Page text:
In Canada's North, uninhibited adventurers are giving "northern exposure" a whole new meaning.
By Tim Querengesser
On a warm summer day several years ago, George Walker was tramping alone through the mountain-strewn backcountry some 25 kilometres south of his cabin in the southern Yukon. It was an area so isolated, Walker says, that the area’s big grizzlies might go a lifetime without seeing a human.
On this day, however, a bear did see one. And apparently, Walker wasn’t to its liking.
As the several-hundred-pound bruin came crashing through the aspen forest, Walker did what years of outdoor experience had trained him to do. He held his ground, raised his arms in an attempt to look larger, and shouted at the animal.
Still, the bear thundered toward him, muscles shuddering under its chestnut hide, twigs shattering beneath its dinner-plate-sized paws.
Finally, just six metres and a single heartbeat away, the grizzly skidded to a standstill, sending up a plume of dust and leaves. Then it wheeled around and trundled off.
A veteran of numerous uneventful bear sightings, Walker found this incident traumatic. Even weeks afterward he was on edge, alarmed and mystified by the bear’s aggressive behaviour. Seeking answers, he quizzed a local wildlife biologist. The biologist speculated that the bear had been old, perhaps with bad eyesight, and had mistaken Walker for prey – maybe a moose calf, or a caribou. Only when it was nearly on top of him did it discern his human form and clue in to his unnatural clothing and brightly coloured gear.
Walker said nothing, but he knew better. Clothing and vivid colours weren’t part of the equation. On the day of the grizzly encounter, he’d been wearing what he always wears while hiking: nothing at all.
For Walker, a fiftysomething writer and photographer, being charged by a hungry bear was his worst experience trekking nude in the North. Almost everything else, he says, has been his best. Meeting him in a busy Whitehorse cofffeeshop – clothed, of course – I find him tall and athletically built, with a mustache and cropped salt-and-pepper hair that glows against his deep tan. He speaks of naked hiking with the conviction of a man discussing spiritual matters. “You’re more a part of the world when you’re not wearing a whole bunch of clothing,” he explains. “It connects you to the wilderness so much. You get up in the high country, in the tundra, and have a light breeze blowing, and it’s absolutely magical.”
Indeed, Walker’s unclad rambles provide him such fulfillment that naturism -- a term he prefers to nudism, to emphasize connections with the wilderness -- has become his obsession. Though Walker insists he’s no crusader (his name was changed at his request for this article) he writes about nude hiking in the Yukon and Alaska, gives lectures on it, even maintains a website about it. And in summer, at least once a week, he does it, pulling on just socks and boots, slinging a camera strap across his bronzed torso, clipping a water bottle to it, and marching buck-naked into the hills.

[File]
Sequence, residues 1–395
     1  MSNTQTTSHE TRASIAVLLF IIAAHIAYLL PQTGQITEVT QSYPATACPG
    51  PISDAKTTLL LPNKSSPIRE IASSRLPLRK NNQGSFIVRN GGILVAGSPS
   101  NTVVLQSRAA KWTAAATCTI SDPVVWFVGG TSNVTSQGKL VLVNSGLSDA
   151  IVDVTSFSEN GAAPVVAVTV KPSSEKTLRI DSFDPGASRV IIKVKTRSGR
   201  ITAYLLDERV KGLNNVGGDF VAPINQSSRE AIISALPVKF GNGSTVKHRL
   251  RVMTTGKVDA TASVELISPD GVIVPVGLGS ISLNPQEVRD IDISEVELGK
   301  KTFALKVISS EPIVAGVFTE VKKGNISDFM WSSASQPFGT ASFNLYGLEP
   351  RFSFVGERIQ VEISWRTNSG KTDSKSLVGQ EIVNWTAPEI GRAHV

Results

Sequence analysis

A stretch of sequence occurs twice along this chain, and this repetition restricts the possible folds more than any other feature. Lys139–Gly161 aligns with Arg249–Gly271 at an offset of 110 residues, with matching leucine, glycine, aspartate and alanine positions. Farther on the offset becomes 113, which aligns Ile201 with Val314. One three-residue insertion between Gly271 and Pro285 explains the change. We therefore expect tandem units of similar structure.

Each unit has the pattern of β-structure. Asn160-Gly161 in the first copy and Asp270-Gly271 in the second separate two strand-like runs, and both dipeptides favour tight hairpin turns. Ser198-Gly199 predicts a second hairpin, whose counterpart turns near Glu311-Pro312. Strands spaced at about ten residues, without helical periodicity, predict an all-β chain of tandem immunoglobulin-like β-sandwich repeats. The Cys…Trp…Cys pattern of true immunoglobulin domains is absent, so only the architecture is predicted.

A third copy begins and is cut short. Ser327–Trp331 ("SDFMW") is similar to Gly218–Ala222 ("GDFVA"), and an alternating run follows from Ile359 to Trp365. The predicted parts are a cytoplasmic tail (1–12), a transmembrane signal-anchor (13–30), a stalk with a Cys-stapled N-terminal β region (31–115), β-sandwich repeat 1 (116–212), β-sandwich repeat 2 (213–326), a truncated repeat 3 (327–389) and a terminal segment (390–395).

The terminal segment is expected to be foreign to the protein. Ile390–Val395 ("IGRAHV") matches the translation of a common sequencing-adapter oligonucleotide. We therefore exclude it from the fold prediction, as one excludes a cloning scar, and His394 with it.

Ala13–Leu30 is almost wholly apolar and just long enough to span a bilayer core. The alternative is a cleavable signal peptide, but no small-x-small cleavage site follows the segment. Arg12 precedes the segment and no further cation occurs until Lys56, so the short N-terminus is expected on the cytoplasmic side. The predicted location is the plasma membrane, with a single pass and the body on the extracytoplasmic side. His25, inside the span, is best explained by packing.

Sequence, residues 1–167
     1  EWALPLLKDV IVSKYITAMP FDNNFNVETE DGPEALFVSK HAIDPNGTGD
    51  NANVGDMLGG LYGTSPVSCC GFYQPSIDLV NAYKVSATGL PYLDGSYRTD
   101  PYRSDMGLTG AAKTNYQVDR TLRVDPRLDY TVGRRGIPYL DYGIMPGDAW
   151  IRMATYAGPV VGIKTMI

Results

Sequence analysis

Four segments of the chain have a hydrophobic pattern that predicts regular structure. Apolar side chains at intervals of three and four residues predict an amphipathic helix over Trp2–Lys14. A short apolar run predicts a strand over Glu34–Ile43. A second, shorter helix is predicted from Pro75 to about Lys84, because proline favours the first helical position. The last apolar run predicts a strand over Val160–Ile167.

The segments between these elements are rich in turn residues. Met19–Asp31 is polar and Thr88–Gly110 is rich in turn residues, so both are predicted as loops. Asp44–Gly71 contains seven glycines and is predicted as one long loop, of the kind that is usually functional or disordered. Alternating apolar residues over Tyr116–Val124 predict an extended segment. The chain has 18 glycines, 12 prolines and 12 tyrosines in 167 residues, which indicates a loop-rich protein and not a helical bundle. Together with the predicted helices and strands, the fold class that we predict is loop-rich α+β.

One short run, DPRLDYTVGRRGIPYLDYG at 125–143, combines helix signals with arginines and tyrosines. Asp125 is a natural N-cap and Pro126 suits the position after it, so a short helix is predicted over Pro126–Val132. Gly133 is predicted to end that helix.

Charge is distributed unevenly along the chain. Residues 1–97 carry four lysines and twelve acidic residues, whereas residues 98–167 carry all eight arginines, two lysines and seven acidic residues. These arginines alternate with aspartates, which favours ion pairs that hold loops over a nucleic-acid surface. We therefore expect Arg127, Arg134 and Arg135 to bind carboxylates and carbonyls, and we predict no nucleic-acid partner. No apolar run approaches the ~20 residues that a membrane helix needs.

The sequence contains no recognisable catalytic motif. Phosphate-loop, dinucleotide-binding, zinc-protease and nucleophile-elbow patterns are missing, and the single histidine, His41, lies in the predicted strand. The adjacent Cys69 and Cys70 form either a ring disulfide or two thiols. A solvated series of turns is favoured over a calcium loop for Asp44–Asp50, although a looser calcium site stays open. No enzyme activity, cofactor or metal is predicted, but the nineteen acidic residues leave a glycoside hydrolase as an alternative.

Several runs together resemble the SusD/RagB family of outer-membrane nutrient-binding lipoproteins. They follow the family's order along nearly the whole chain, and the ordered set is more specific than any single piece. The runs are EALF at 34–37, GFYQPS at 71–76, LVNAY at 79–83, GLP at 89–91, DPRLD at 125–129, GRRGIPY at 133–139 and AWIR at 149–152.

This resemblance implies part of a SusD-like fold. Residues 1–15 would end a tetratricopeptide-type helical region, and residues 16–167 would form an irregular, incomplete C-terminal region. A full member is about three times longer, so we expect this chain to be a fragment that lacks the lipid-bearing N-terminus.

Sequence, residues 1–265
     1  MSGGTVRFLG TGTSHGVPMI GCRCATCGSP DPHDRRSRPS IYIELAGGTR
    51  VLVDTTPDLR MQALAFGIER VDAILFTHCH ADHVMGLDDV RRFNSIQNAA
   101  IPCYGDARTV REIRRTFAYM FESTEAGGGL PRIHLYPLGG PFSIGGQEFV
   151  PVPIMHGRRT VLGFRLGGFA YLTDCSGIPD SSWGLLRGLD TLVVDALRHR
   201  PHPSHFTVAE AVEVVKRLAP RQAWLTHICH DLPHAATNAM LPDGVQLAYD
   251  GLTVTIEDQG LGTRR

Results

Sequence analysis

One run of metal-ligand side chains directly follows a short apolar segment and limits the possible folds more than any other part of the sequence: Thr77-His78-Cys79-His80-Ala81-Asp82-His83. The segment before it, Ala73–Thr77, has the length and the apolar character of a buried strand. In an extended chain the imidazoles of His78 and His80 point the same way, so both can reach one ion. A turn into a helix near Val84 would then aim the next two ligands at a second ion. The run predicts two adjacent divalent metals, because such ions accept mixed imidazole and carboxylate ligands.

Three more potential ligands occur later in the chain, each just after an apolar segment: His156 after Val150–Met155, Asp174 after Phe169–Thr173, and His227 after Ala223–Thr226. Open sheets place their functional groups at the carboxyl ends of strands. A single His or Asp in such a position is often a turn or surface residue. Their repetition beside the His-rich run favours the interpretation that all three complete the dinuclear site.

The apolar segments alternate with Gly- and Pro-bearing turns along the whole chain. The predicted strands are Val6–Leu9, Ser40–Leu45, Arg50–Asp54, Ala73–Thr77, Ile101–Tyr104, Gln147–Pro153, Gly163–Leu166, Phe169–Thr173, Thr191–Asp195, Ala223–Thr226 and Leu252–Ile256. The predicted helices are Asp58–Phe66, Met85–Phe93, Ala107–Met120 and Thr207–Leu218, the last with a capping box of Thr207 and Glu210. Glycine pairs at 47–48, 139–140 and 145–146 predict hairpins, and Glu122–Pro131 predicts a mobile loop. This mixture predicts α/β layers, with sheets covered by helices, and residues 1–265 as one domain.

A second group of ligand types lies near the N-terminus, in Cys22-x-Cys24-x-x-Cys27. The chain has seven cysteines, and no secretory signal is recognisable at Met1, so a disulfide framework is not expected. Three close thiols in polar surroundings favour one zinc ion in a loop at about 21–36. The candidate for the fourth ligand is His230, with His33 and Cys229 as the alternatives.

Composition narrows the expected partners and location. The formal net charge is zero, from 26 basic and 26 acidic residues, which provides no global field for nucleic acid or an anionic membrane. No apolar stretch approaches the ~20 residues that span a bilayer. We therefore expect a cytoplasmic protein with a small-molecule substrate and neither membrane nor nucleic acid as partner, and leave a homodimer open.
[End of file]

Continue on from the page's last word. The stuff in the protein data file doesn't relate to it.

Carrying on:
Apparently, he’s not alone. Walker tells me that, over the years, he’s hiked naked in the North with a dozen different people. And that number, he says, is just the tip of the nude-hiking iceberg. I press him: Exactly how many Yukoners go backpacking undressed? “From talking to folks,” he says, “my impression is there are hundreds.”
I’m surprised, but perhaps I shouldn’t be. The North, more than anywhere else on the continent, offers what naturists most desire: guaranteed privacy and stunning terrain. There’s a jaw-dropping trail for every trekker, whether or not they’re wearing pants. And moreover, people who inhabit the frontier tend to be individualists, tolerant of behaviours that depart from the norm. Wanna hike naked? It’s your own damn business. So logically, as southern Canada’s wilderness gives way to suburbs, it’s places up North – rich in both open country and open-minded residents – that become refuges for those who go outdoors au naturel.
Across North America, it seems, such people are skyrocketing in number. According to the American Association for Nude Recreation, the nudist-club industry in the US has doubled in the past three years, raking in as much as $400-million annually. Since 2003, 30 new nudist or clothing-optional clubs have opened in the U.S. and Canada. And there seems to be broad acceptance for nudism. In 1999, the Federation of Canadian Naturists did a survey that showed 2.7 million Canadians would “happily” go to nude beaches if they existed. Many of those who weren’t interested nevertheless responded that they “didn’t care” if others did.
Parts of Canada have long been in on the action. Vancouver’s Wreck Beach is Canada’s largest and most celebrated clothing-optional escape, welcoming nude bathers since the ‘60s. Also in Vancouver is a plethora of nudist clubs, like the 67-year-old Van Tan Club. And for those who think nudism is just for BC hippies, straight-laced Alberta has the Sunny Chinooks and the Helios campgrounds, family-oriented nudist clubs near Calgary and Edmonton, respectively.
In the Yukon, at Marsh Lake and Lake Bennett – a half-hour drive north and south of Whitehorse, respectively – people sunbathe naked all the time. Just south of the territorial border, in far northern B.C., Liard River Hotsprings also draws nudists, at least when it’s not too busy. And, a de facto nude beach existed on tiny Ear Lake, within walking distance of downtown Whitehorse, drawing as many as 150 people on hot summer days until a gravel-crushing operation went into business there in the 1990s.